Poor fitness in young adults associated with eventual development of cardiovascular problems

December 16, 2003

Poor fitness in young adults is associated with the development of cardiovascular disease risk factors later in life, according to a study in the December 17 issue of The Journal of the American Medical Association (JAMA).

Cardiovascular diseases (CVDs) account for a large proportion of deaths in people over the age of 45 years, according to background information from the authors. "Numerous risk factors for CVD, including hypertension, diabetes, and hypercholesterolemia (high cholesterol), are suspected to be influenced by fitness, and these factors may mediate the association between low fitness and mortality [death]," the authors write.

Mercedes R. Carnethon, Ph.D., from Northwestern University's Feinberg School of Medicine, Chicago, and colleagues investigated whether low fitness, estimated by short duration on an exercise treadmill test, was associated with the development of CVD risk factors and whether improving fitness was associated with risk reduction.

The participants, men and women 18 to 30 years of age, were enrolled in the Coronary Artery Risk Development in Young Adults (CARDIA) study. The CARDIA study recruited 5,115 participants from four geographic areas (Birmingham, Ala., Chicago, Minneapolis, and Oakland, Calif.). Participants who completed the treadmill examination at baseline were followed up from 1985 - 1986 to 2000 - 2001. A subset of participants (n=2,478) repeated the exercise test in 1992 - 1993.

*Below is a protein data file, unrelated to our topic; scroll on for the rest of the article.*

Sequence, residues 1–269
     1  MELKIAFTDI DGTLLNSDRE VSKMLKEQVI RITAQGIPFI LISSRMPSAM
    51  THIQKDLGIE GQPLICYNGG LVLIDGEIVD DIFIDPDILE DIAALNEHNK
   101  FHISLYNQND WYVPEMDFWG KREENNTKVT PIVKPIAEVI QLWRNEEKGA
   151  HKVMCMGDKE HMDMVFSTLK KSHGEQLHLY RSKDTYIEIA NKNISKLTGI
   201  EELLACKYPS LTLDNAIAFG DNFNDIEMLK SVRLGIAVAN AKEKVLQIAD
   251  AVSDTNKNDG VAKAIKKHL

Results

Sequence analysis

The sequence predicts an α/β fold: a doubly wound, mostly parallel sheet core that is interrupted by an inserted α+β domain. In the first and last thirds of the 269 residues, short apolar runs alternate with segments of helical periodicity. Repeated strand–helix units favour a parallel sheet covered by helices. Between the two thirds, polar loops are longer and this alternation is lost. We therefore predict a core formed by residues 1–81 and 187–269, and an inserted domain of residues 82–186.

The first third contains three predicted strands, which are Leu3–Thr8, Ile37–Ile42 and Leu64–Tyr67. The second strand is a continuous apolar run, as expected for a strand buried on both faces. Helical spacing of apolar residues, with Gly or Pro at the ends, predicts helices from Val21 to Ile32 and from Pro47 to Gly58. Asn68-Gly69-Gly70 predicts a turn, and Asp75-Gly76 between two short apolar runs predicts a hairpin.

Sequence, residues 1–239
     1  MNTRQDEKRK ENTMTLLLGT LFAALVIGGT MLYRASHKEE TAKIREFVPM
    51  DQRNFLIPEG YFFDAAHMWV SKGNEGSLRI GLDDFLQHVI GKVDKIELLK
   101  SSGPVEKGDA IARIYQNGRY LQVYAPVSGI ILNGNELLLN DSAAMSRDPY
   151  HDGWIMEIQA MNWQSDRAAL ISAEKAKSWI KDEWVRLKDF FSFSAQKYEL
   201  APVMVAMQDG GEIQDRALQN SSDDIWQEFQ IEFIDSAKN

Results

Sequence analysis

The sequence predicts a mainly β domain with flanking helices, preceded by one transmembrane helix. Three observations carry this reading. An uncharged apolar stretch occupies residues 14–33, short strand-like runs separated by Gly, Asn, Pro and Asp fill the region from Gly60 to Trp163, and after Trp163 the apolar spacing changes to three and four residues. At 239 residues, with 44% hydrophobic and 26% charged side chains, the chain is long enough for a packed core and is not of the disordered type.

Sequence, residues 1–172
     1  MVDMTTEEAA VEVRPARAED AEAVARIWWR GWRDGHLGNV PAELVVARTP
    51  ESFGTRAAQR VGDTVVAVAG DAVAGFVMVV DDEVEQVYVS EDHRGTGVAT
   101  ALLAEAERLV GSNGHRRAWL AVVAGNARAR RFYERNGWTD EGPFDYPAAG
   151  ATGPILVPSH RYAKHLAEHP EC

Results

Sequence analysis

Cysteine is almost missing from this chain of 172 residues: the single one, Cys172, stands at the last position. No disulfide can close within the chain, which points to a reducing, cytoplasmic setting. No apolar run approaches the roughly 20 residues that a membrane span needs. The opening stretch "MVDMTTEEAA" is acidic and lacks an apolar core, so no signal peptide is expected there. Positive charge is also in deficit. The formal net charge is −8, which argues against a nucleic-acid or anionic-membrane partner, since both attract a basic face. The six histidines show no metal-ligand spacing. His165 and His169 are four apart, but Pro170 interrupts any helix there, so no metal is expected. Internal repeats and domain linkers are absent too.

"After adjustment for age, race, sex, smoking, and family history of diabetes, hypertension or premature myocardial infarction [heart attack], participants with low fitness (less than 20th percentile) were 3- to 6- fold more likely to develop diabetes, hypertension, and the metabolic syndrome than participants with high fitness (at or above 60th percentile)," the authors write. "Improved fitness over 7 years was associated with a reduced risk of developing diabetes and the metabolic syndrome, but the strength and significance of these associations was reduced after accounting for changes in weight."

"Our findings demonstrate the importance of low cardiorespiratory fitness in young adulthood as a risk factor for developing cardiovascular comorbidities (related illnesses) in middle age," the authors write. "Previous work has demonstrated that engaging in a regular exercise program can improve fitness. If the association between fitness and CVD risk factor development is causal, and if all unfit young adults had been fit, there may have been 21 percent to 28 percent fewer cases of hypertension [high blood pressure], diabetes, and metabolic syndrome," the authors suggest. "Given the current obesity epidemic and observations of a decline in daily energy expenditure in the population, improving cardiorespiratory fitness in young men and women and developing public health policies that encourage physical activity should be important health policy goals," the authors conclude. (JAMA. 2003;290:3092-3100. Available post-embargo at JAMA.com)
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Editor's Note: Work on this article was partially supported by contracts from the National Institutes of Health. Dr. Carnethon was supported in part by a career development award from the National Heart, Lung, and Blood Institute.

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